What color are of your keywords?
Do you know that keywords have colors? Yeah!! they absolutely do! The thing is, we color the keywords ourselves. We color them by our experience, by our assumptions of what the word means, the assumptions how they relate to the skill they represent, the assumptions of why they performed the way they did, etc… Every keyword that we use is neatly wrapped and colored with this framework of assumptions.
You might not be aware of it but the coloring becomes apparent the first time you search using a keyword. When you enter a keyword into a search engine or database and get irrelevant results and accordingly proceed to discard those keywords, you’ve formed an image. By abandoning those keywords in favor of an alternate word, they show that you have come to believe that the keyword is not worth pursuing any further.
These keywords are often abandoned even though they may be the right keyword to find the “right skills” of the perfect candidate right from the start. Either way, the irrelevant results brought you to the conclusions that the either the keywords were bad or that the poor keyword has given all that it could give. In other words, you’ve colored that keyword as bad.
The truth is that the assumptions we make about a keyword affects the way we feel about how it will perform. Those images that were formed in your mind about how the individual word performed colors your evaluation of it as a keyword from that point forward. The color of your keywords directs how the keyword performance is viewed in all future searches as well. This in turn affects the way that we use them.
Most recruiters don’t give it a second thought and go on to another search string. It is needless to say that this is a mistake. That is because bad results don’t necessarily mean that the wrong keywords were chosen. Bad results is not a good reason to designate a keyword as a bad one. Giving up on keywords prematurely is the most common way to give up on many potential candidates. Bad results mean that you colored your keywords with pink colored glasses!!
Let me give you some examples, the keyword “JAVA” is searched over 83 million times a month in Google alone. When a search for it on Google is conducted, 475 million pages are return as matches. However, those results will often include many irrelevant results. That is because it is both popular as a search term and popular as a keyword on website content. It is used across too many industries to count and it encompasses many skill sets.
In this instance our keyword is not bad but the effects of its popularity make it hard to clearly search for Java developer’s resumes. The word describes the skill set sought after but the many occurrences of it over the web make it difficult to use at best. Just as it is in the case of the keyword JAVA, most keyword can create a detailed image of the required skills, but can still bring about irrelevant or unwanted results. It is not enough even when these words describe the exact skills the prospective candidate possesses. The skills described are good but they form only half of the picture.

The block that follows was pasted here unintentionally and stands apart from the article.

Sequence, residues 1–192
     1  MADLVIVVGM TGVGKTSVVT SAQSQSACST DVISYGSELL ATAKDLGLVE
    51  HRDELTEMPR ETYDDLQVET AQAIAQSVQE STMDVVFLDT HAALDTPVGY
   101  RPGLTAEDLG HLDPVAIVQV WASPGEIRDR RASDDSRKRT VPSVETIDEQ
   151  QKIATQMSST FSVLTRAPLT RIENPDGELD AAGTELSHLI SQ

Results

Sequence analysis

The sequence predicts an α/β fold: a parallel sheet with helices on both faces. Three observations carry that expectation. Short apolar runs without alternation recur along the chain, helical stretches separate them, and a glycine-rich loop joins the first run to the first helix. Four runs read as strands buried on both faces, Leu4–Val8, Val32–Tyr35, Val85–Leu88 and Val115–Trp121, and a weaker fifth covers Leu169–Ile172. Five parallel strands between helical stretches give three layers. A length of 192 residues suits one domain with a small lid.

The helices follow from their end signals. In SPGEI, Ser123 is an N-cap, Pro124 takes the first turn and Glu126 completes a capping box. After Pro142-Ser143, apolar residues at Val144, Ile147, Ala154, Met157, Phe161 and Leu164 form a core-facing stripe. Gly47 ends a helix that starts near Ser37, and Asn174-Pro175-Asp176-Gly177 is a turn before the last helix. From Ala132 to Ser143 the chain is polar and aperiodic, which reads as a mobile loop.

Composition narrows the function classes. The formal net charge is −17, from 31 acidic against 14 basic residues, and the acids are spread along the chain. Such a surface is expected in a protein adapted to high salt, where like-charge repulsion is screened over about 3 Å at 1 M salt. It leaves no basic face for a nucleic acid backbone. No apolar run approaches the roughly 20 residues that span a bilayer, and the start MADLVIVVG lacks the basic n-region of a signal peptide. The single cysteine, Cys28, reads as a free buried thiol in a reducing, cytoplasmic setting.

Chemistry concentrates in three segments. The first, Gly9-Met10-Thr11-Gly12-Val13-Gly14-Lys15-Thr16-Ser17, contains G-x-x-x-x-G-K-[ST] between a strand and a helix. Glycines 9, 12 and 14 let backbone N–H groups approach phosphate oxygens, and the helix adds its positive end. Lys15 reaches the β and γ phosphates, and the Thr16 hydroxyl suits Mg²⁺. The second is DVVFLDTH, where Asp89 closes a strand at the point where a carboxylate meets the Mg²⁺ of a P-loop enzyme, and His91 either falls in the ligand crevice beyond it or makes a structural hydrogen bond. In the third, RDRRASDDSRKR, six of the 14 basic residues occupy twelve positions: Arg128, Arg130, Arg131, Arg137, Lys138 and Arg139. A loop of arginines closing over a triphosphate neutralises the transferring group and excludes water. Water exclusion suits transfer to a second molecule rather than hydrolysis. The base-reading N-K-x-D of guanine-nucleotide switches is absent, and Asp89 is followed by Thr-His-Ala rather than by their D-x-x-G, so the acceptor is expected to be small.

Many recruiters resort to using keywords as found in the job description or as given by stakeholders. It has become the “go to” or default practice as at first glance it appears to work. They do find some candidates which mention those keywords. Usually though, the mention of those are not enough. The results will inevitably end with frustration by a lack of qualified candidates. The problem gets worse when the database or search engine starts getting blamed.
Let me insert a parentheses here. Database are not the culprit. They do their job perfectly. Just like you wouldn’t blame your car for taking you to New York when you needed to be in Los Angeles. The car wouldn’t drive you the wrong way, the driver would. The same applies to databases. Bad data in a database is not as a big a problem to overcome. Not any more than encountering a road full of potholes. For those instances you can usually find another route to take. The same concept applies to searching databases.
Another area were assumptions color our perception of a words performance is the stakeholders choice of keywords. Most recruiters are trained to go to the stakeholder or hiring manager to get the keywords necessary for the search. Don’t get me wrong. I am not saying they are to be ignored. The words that you were given by stakeholders and managers are meant to furnish you with a picture of what you need to find. They are not meant to be absolute search terms. They are important as the starting point for your search. The key issue here is not whether to use them or not. The issue is to use these keywords not so much for generating candidate leads but for expanding your search knowledge base.
Running keywords in a search and accepting the results as final without researching the efficacy of the keywords will often cause the wrong keywords to be targeted. There are many factors that affect how your keywords will perfor m. The assumptions for the keyword performance need to be tested and verified befor being accepted. Without testing keyword decisions are based on nothing more than impressions. These untested impression wrongly color keyowrds without you even being aware of the actual coloring.
The way keywords work is a complicated dance between many different elements. The relationship between these elements is often misunderstood and oversimplified. At the forefront of undertaking a successful search, lies the foundational understanding of keywords. It is also the basis for the design of a strategy that would help to buffer your search from unwanted and irrelevant results. Rather than making assumptions, lets discover the real elements of how a keyword really works. In other words, stop coloring your keywords.